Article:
One thing that will be interesting to watch in the coming months and years is the impact of rolling the Horus Heresy and the Old World into the main GW line up. I am curious to see if the heads of GW are worried about product cannibalization, and if so what steps can they take to fight it? Product cannibalization is the process whereby a company rolls out a new line of products but rather than attracting new customers it just convinces current customers to switch from the old product to the new one. While this might not seem like an issue, after all they are still getting paid, the company is losing money on the costs of implementing the new product as well as the opportunity cost of not just improving the old one. In this article I will be looking at some ways GW has sought to fight this trend in the past and how I think they may try to do it in the future.
Competing product lines are not a new phenomenon for Games Workshop. Given their pricing strategy, there is always the risk that new products will largely be purchased by existing fans. This means that it can be difficult to attract new money, rather than players simply re-routing their current hobby funds. In the past, GW was able to prevent this via a few strategies. The first is to have very different settings for their games, you could do some overlap between Warhammer Fantasy and 40k with daemons but most armies only fit in one universe. Secondly, the use of different bases was helpful to increase the distinction. Finally, when the Horus Heresy came out by making it much more of a luxury product via Forgeworld (FW) it meant players would have to commit to a large purchase, or buy models that didn’t exist in 40k. This grew quite fuzzy around the end of seventh edition, but the difference in pricing and unique models allowed enough separation that cannibalization would be less of an issue (I believe this is why you don’t see more Xenos armies in 30K as that would widen the model pool and make it easier to play with an existing collection rather than buying new).
It seems increasingly likely that GW is winding FW closer into the main company. I have written before that GW doesn’t seem to really know what to do with FW these days. It doesn’t seem to have the best designers and models any more, and only produces an odd assortment of models for 40k and a little for Age of Sigmar. It is possible that this role will change with the arrival of the Old World but it is also likely that the brand will be reduced to a section of the GW website for more high-end models.
With this consolidation it starts running the risk of cannibalization. By making the Horus Heresy more accessible to players it starts risking shifting existing players rather than drawing in new ones.
In order to fight this risk, GW will have to adopt some discipline and policies. I think we can already see some of these at work. One of the first strategies is to make the games sufficiently different so as to attract different kinds of players. We can see the Horus Heresy game is going to be closer to the 7th edition ruleset. This can help draw in disaffected players from the old ruleset while also not competing with your main product. Furthermore, by having both games under different update strategies you are more guaranteed to have one in a better state of competitive balance at any given time. While this is a form of cannibalization, you can avoid players withholding their money by ensuring that one of the two will be more balanced and fun at any given time.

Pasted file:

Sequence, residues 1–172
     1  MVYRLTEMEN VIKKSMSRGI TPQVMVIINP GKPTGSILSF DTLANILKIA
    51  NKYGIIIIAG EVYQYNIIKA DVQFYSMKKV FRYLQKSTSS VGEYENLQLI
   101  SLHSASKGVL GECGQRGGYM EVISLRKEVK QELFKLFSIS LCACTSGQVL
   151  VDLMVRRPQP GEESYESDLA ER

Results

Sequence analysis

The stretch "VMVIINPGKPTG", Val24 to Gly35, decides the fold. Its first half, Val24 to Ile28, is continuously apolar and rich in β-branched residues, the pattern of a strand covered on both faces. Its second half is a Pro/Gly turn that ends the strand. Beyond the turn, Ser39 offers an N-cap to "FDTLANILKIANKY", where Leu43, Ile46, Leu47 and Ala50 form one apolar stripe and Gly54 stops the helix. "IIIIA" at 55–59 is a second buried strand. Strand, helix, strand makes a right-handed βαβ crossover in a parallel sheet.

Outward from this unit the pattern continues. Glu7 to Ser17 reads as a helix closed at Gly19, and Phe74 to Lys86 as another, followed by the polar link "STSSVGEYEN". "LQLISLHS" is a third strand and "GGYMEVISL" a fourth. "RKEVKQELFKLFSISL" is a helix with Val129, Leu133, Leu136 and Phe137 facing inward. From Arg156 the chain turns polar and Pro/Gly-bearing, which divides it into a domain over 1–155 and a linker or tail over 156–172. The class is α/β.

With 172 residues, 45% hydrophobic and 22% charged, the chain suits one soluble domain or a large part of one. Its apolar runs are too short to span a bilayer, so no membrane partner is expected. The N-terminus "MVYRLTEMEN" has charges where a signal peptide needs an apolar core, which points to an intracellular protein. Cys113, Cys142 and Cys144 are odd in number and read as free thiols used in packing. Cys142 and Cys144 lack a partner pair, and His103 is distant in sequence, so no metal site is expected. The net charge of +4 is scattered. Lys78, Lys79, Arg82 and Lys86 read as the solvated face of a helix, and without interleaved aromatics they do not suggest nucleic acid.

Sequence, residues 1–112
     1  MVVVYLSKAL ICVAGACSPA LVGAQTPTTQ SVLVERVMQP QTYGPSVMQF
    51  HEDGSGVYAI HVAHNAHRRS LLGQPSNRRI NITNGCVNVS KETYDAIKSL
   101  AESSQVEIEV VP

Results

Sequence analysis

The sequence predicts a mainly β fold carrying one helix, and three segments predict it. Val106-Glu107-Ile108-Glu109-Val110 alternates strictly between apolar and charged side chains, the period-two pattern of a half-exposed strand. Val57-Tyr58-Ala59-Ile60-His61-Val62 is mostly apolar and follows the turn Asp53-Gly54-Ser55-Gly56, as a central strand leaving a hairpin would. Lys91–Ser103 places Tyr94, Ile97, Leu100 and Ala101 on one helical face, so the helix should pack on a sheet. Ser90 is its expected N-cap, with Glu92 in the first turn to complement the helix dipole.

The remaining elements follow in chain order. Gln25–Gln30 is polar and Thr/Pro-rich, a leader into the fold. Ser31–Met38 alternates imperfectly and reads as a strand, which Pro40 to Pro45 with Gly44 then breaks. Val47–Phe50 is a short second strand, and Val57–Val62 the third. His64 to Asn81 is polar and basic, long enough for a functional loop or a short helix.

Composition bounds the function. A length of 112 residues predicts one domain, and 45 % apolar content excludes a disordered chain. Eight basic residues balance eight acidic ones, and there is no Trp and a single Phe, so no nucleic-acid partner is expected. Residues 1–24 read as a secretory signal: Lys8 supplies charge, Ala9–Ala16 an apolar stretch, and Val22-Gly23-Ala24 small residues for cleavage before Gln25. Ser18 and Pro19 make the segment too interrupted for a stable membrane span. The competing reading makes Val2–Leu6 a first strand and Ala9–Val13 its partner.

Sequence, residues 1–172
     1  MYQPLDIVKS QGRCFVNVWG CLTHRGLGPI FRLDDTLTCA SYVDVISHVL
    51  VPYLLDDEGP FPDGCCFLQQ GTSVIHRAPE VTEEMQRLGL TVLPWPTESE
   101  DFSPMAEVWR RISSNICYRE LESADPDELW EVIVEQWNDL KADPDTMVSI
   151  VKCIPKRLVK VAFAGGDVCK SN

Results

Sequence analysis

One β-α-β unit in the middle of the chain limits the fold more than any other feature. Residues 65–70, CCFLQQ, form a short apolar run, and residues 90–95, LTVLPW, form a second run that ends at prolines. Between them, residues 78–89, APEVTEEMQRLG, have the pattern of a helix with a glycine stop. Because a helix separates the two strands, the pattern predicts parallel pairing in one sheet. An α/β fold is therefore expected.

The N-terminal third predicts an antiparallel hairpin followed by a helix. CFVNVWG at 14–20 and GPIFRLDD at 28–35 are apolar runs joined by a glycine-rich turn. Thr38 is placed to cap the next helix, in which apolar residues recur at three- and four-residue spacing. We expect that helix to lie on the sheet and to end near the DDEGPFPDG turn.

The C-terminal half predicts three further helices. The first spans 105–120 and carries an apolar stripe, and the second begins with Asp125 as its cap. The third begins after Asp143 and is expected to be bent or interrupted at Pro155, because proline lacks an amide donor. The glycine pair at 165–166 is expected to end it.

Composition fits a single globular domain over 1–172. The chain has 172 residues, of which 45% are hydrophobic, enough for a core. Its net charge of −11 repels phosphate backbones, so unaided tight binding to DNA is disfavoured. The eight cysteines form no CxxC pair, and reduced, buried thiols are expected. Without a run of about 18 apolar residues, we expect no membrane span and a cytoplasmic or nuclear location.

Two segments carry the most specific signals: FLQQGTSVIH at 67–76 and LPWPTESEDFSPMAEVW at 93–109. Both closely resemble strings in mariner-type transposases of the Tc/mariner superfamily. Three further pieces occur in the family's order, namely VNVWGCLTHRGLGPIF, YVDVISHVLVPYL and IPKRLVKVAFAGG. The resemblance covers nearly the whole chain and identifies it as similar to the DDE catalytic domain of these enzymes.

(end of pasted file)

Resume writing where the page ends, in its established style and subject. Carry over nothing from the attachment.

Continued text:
Another strategy is to keep the miniatures as distinct as possible. While some older models have seen their times in the sun (looking at you Levi Dread), by reducing the number of models that work in both systems you reduce the additionally efficiency that players can get through one purchase. Now this does cut both ways. You will also make it harder for a new player to dip their toe into a system with their existing minis and can cut off future sales that way. I think this is another reason we will continue to see a draw-down of old marine models. It wouldn’t even surprise me if GW tries to shift players by phasing them out in one system while encouraging annoyed players to use their legends models in a new one. Now this is also something that players can find distasteful and can breed a lot of ill-will so if this is a strategy it must be done with care.
The age of the Games Workshop historical setting sci-fi/fantasy game is really only just beginning. These new games present a lot of opportunities for narrative events while also being heavily bounded by the existing lore and temporal limitations (you can only add in so many new models and units before people wonder why none of these things are mentioned in the previously existing books, lore etc.)
Beyond this, there will also be challenges to GW to generate a profit from these new products that doesn’t simply draw from other systems. This will be easier in the Old World with it’s square bases, but by focusing on marines the Horus Heresy might also be able to walk this tightrope. Beyond this it will be interesting to see how much GW tries to maintain distinctions between its games vs. co-mingle them.
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